replacement CM11a firmware available

I have made available on
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source for replacement
firmware for the CM11a along with a unix daemon that provides my standard
tcp/ip interface.
The replacement firmware is in no way compatible with the OEM firmware and
also requires certain pins to be rerouted between the PIC and CM11a board.
The firmware provides a low-level interface to the power line. Received
bits are grouped 6 at a time and sent to the host. The host transmits
by specifying a bit string and a repeat count. All encoding/decoding is
done in the host. Normally once the host has seen 7 or more zero bits
further zeroes are suppressed, but for full real-time analysis a flag is
provided to force all bits to be transferred. An additional flag is
available to disable three-phase transmission support and the supplied
daemon sets this flag by default.
I've been running this code for a few days but it should of course be
considered preliminary. Further documentation will be available depending
on the level of interest...
Dan Lanciani
Reply to
Dan Lanciani
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About 3 years back, I persuaded Dom Kinzer of ZBasic to add low level X-10 functions implemented in the background and buffered a la a software UART. It automatically handles all I/O, setting flags to signal a reception, etc. and filling a bit array as a signal is received. For output you merely fill a bit array and bits are sent automatically at ZC. It even incorporates the extra AGC signals needed with a CM15A should you want to play with it.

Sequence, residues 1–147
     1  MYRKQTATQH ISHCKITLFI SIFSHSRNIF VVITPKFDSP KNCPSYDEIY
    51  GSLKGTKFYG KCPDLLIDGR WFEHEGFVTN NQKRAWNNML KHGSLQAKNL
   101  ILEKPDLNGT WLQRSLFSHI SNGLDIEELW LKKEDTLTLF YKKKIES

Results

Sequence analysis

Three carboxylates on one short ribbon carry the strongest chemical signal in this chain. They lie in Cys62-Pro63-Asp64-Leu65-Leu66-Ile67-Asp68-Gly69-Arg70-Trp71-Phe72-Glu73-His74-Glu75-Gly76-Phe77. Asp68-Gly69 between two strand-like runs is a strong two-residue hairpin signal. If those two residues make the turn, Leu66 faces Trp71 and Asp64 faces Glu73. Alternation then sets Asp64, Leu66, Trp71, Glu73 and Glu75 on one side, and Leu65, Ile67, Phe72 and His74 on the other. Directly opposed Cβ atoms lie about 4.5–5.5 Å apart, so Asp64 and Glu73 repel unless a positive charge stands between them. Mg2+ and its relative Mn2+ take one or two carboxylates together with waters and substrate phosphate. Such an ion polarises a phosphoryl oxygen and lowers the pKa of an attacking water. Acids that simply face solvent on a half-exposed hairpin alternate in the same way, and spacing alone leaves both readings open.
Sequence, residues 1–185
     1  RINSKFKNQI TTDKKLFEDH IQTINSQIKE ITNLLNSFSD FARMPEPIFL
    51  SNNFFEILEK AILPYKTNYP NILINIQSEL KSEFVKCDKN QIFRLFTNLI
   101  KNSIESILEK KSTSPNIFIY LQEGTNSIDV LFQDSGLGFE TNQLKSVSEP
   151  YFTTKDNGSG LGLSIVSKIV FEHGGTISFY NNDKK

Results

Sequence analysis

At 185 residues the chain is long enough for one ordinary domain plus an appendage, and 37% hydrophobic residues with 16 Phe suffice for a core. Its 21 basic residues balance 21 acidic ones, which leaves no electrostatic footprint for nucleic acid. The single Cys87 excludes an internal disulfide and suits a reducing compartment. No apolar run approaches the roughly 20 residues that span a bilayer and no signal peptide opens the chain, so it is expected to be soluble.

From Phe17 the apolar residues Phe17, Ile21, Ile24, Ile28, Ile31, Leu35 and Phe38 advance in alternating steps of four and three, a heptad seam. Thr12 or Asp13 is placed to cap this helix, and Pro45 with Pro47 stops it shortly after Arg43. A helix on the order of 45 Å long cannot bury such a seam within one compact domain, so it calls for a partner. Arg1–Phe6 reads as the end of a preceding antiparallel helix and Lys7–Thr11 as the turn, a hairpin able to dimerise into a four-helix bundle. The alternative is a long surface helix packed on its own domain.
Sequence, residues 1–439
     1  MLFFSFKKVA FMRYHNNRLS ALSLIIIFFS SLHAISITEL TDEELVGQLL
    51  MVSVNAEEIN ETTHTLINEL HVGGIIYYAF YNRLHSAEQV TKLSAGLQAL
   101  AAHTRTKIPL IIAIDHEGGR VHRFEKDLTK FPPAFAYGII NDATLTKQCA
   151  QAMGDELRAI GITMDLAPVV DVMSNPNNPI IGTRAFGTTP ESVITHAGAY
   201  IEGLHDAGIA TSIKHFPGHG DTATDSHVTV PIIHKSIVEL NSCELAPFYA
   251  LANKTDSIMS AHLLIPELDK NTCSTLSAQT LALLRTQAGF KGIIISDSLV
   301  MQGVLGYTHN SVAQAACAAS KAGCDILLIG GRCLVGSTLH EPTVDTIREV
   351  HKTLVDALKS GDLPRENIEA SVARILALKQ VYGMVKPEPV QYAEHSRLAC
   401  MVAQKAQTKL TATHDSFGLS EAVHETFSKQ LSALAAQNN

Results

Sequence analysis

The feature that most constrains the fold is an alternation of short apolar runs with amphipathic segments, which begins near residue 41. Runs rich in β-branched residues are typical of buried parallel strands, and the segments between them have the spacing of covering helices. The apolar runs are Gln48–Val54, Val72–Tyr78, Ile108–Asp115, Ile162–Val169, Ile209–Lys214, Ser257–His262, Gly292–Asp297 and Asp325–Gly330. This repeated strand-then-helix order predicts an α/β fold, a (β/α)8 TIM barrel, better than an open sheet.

The cheapest ZBasic chip is the ZX-328n (DIP-28) at $10 or the ZX-32n (TQFP-32) at $15. Both have a bootloader preloaded. The ZBasic software is free. It compiles to native Atmel machine code for the 'n' version of the chips.
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You would need to mount them to a daughterboard that then replaces the X10 MCU. And they need a XTAL and serial interface circuitry. These days there are inexpensive ethernet-serial interfaces for those who want a network interface.
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ddl@danlan.*com (Dan Lanciani) wrote:
Reply to
Dave Houston
Since a lot of people still use the discontinued CM11A as the powerline interface for PC-based automation software, I've been working on a XTB version with a RS232 interface. It is based on the new PIC16F1823, and will emulate the "real-time" CM11A command protocol. It will not include timers, macros, or any other "controller" functions.
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